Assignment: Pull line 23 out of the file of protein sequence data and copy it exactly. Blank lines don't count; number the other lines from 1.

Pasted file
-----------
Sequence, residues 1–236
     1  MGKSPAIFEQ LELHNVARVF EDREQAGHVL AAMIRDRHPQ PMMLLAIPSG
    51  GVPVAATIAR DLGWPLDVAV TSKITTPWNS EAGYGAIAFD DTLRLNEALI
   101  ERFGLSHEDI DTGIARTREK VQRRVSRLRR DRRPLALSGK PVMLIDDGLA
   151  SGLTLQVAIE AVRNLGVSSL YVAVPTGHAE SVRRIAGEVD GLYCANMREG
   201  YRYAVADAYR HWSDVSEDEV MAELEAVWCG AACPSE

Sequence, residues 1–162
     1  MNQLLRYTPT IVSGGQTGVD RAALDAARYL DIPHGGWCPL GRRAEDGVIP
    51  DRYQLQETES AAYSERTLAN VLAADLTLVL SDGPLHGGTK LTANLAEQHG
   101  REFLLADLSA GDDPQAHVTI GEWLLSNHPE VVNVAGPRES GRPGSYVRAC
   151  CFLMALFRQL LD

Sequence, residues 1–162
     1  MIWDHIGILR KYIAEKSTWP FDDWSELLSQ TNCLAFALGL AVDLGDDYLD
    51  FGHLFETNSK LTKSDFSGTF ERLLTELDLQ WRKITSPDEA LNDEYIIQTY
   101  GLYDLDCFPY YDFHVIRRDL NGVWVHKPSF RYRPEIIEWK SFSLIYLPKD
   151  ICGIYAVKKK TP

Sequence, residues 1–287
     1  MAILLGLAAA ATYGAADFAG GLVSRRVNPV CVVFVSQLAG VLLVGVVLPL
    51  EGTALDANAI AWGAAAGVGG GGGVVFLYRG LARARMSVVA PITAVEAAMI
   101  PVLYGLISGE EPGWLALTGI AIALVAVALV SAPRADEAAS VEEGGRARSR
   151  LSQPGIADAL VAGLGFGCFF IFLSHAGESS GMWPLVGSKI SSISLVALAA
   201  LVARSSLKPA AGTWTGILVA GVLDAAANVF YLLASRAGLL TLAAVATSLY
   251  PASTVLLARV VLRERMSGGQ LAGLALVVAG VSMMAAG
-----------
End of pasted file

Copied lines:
   251  PASTVLLARV VLRERMSGGQ LAGLALVVAG VSMMAAG